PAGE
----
The occurrence studies revealed the presence of a variety of residual antibiotics at concentrations up to 95 ng/L in source waters of selected drinking water treatment plants mostly located downstream of wastewater effluent discharge. Most of the antibiotics detected in source waters were either below the practical quantitation level or were found at greatly reduced levels in finished water, indicating their partial removal in full-scale water treatment. Sulfamethoxazole was the most often detected antibiotic in source waters in this study probably because of its high usage and stability in aqueous systems. Tetracyclines were the least detected antibiotics in this study probably because they are more likely to partition out of the water column and into sediments and, therefore, not be transported to drinking water supplies.

Analysis of samples at different stages of treatment in drinking water treatment plants show that coagulation/flocculation and subsequent sedimentation can remove erythromycin, trimethoprim, and ciprofloxacin to some degree, but were not effective in removing sulfamethoxazole. Carbon adsorption, however, is very effective in removing sulfamethoxazole and trimethoprim, and can also remove erythromycin, lincomycin, and ciprofloxacin to some degree. Chlorination can partially transform these compounds depending on their individual reactivity and contact time with free chlorine.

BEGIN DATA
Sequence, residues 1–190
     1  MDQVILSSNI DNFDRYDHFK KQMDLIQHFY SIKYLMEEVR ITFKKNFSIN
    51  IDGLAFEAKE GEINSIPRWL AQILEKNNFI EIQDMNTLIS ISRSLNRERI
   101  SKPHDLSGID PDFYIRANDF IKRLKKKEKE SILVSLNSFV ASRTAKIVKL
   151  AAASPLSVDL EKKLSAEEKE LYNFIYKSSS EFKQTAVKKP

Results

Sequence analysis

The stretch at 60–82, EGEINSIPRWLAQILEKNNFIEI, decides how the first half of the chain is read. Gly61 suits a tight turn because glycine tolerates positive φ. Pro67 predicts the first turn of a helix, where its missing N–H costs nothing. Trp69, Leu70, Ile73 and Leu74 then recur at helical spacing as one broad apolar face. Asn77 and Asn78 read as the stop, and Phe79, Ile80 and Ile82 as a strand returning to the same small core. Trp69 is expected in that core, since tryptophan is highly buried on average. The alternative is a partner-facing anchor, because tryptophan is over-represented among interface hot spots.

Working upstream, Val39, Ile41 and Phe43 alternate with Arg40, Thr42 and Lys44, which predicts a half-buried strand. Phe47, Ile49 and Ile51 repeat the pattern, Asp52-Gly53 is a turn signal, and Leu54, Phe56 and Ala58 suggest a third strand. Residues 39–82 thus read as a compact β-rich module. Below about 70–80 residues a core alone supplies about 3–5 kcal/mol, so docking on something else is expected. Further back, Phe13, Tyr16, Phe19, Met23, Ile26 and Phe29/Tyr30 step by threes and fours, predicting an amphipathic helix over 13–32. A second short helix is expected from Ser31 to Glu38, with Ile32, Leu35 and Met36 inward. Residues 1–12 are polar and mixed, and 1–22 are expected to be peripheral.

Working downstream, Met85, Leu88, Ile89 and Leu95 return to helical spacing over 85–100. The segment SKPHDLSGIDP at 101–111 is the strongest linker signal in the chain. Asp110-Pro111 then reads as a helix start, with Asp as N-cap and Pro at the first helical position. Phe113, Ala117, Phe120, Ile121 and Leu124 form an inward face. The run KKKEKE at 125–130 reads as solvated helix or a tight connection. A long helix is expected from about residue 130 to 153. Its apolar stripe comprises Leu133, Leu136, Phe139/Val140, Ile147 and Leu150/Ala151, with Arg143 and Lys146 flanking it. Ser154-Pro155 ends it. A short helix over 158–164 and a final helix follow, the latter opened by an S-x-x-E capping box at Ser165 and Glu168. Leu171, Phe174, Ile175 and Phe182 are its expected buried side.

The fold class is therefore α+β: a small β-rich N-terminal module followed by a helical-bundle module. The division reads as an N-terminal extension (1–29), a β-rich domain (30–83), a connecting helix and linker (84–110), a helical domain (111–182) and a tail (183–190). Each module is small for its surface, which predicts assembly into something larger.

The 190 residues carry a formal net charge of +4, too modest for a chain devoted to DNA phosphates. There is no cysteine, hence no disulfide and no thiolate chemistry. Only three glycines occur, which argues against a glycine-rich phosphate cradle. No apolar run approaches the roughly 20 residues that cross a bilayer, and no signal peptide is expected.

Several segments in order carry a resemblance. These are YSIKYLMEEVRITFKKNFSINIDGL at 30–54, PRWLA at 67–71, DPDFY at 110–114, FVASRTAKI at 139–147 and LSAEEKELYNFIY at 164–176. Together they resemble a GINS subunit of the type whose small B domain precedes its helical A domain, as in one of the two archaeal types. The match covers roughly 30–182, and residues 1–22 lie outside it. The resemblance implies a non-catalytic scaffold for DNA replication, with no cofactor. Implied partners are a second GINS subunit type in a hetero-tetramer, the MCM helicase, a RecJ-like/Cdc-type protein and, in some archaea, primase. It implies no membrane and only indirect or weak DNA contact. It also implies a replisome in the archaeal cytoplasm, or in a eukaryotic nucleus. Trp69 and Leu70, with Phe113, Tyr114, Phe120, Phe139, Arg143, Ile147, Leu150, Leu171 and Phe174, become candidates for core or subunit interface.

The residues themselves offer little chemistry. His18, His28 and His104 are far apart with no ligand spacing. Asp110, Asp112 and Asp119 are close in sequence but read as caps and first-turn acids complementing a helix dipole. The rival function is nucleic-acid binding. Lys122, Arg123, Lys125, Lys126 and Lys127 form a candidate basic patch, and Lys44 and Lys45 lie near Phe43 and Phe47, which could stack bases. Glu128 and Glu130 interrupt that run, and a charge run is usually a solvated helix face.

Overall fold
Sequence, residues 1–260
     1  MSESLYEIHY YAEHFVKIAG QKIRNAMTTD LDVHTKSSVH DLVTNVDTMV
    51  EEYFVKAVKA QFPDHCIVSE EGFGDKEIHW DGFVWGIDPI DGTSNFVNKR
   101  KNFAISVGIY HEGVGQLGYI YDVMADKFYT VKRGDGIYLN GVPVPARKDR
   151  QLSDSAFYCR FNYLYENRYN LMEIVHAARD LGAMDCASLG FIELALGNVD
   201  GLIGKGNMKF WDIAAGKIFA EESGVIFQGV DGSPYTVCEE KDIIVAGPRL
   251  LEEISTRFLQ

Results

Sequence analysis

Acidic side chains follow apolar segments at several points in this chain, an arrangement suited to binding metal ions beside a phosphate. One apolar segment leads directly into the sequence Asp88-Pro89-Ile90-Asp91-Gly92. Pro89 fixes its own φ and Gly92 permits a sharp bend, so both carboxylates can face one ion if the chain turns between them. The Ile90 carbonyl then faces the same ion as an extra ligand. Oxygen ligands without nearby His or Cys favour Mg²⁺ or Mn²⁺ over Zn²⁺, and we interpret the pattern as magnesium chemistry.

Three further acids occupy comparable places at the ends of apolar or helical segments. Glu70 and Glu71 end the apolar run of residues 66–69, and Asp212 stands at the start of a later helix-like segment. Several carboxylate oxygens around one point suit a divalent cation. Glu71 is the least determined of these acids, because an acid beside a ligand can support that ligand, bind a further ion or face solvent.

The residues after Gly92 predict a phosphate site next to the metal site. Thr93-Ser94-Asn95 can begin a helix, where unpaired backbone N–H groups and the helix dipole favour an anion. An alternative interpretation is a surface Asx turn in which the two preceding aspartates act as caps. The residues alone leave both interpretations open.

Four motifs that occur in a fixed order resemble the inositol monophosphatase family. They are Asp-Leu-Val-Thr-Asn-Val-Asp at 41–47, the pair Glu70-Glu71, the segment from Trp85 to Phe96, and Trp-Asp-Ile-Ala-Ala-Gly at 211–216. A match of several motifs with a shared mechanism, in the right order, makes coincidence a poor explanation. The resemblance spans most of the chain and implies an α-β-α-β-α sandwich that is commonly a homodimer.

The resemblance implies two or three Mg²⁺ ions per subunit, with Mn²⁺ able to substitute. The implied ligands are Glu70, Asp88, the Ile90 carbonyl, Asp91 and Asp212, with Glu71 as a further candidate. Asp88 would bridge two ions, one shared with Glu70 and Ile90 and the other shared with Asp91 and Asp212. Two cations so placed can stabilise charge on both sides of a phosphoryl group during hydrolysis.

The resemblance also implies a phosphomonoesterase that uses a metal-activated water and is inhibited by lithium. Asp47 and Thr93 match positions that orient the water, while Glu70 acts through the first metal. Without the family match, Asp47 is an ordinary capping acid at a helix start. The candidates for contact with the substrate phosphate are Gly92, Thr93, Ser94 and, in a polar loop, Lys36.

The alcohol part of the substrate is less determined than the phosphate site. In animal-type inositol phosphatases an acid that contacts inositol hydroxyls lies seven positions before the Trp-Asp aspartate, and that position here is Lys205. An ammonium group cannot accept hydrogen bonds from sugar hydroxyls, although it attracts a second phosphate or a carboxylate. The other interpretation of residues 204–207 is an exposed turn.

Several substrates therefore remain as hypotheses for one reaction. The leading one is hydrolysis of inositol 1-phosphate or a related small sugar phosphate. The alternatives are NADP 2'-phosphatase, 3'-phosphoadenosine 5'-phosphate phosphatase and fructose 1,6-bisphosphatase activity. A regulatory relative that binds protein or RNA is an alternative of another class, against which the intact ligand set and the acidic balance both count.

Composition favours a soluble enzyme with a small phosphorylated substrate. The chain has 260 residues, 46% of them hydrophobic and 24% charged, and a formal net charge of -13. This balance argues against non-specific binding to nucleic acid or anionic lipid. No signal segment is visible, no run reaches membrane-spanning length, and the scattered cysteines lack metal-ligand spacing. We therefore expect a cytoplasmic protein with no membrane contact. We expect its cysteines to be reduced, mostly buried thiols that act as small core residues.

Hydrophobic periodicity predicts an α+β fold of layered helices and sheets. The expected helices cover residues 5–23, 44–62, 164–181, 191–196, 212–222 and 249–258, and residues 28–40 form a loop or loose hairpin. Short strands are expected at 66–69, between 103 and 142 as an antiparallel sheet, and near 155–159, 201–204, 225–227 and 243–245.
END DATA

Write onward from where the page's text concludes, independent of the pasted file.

Transformation products/metabolites of lincomycin and erythromycin were tentatively detected in samples collected at different stages of two treatment plants and appeared to persist through drinking water treatment up to the consumer’s tap.

In photolysis reactors, sulfamethoxazole was found to be susceptible to degradation. However, the presence of natural organic matter and particulates in the water column increased the persistence of sulfamethoxazole in the aqueous phase. Sorption to sediments was negligible in reactors except in the presence of high organic soil when 15% partitioned over 20hrs of recirculation. Since most streams and rivers have low organic content in the sediments, the concentration of sulfamethoxazole is expected to be low in comparison to other xenobiotics. On the other hand, photolysis byproducts were identified in the aqueous phase, including an isoxazole isomer which was also detected in the effluent discharge of a WWTP and further downstream when low pressure mercury lamps were used to disinfect the effluent.